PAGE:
Still more important, at least for now, is the role of journalists. Understanding how journalists (and those running blogs and websites) draw on social science is extremely important for a thriving public social science. And raising the standards for journalistic use of social science might be a crucial goal. This would require an active effort on the part of social scientists to develop relations with journalists and mechanisms to enable journalists to more readily find the information and contacts they need. Of course, such a change would flourish more if journalists covering social issues learn to use social science (as journalists covering legal issues are expected to know the law and those covering health to rely on medical research). There are experiments in incorporating more social science knowledge – and knowledge of how to make use of social science – into journalism curricula (notably at Columbia University). But the field of journalism is changing rapidly and the directions of change are not altogether clear.
This isn’t just a matter of mass readership. There are basic questions about the economic bases on which the work of social scientists is made available to other social scientists and to all sorts of constituencies. Costs of academic publications are escalating rapidly. Costs for journals are outpacing those for books, and if for-profit publishers should shoulder some responsibility, even professional societies act like for-profit publishers in managing the journals they own. Surprisingly many seem to have maximizing income as their primary purpose – rather than, for example, trying to ensure the maximum access to social scientific knowledge. Libraries are reducing what they routinely buy. University presses are struggling to sustain their publishing programs without subsidies – often increasingly sought from authors. Electronic publication is perhaps part of the solution. But there are a range of larger questions about how much work should be published, about which parts of it should be subsidized and by whom and for whom, and about how potential users can be guided in finding relevant work and judging its likely worth.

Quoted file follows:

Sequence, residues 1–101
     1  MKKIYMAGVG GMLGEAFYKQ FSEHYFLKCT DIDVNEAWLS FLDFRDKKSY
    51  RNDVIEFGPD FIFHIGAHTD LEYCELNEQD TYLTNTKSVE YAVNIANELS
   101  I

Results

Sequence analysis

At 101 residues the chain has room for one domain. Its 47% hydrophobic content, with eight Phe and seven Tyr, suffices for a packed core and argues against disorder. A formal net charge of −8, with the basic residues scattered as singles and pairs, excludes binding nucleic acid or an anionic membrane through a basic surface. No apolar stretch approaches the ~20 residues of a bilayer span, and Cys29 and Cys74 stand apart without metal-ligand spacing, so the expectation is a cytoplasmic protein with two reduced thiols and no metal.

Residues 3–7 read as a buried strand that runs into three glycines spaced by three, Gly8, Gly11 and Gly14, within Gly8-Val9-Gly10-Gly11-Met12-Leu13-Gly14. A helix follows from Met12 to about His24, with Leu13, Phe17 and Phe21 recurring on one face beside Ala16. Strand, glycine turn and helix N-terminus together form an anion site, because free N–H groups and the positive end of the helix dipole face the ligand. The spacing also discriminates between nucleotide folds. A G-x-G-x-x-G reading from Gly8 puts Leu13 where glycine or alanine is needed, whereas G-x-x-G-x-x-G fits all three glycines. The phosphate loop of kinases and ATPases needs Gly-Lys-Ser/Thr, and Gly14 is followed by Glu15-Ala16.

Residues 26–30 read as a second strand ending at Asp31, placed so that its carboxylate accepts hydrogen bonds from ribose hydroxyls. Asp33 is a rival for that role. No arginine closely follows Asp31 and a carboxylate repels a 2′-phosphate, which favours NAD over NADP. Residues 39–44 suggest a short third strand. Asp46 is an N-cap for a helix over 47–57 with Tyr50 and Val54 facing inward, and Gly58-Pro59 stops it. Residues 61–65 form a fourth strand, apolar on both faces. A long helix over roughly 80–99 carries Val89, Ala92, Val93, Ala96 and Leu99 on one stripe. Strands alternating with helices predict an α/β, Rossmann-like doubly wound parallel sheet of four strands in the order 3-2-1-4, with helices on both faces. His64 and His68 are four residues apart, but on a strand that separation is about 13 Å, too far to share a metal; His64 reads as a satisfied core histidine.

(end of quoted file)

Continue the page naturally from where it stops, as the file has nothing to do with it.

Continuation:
Ironically, the scholarly “publish or perish” system may well have worked against wider public knowledge of social science. It has resulted in an ever larger number of publications read by ever fewer people. This is a problem even for the public of social scientists; even within disciplines it is not clear that a strong mutual engagement with common core texts or issues is maintained. It’s not just that knowledge is specialized, though specialization may be extreme. It is that there are too many publications, most with too limited a value added to demand attention. These may serve the careers of individual scientists but they create collective disutilities including weakness of common discussion and difficulty identifying what work is worthwhile. Emphasis on the publication of ostensible new results is ironic because many papers offer little that is significantly new. But absent much greater investments in synthesis – including assessment of the relative merits of different arguments – even good work usually will remain obscure. And synthesis and critical debates need to be valued.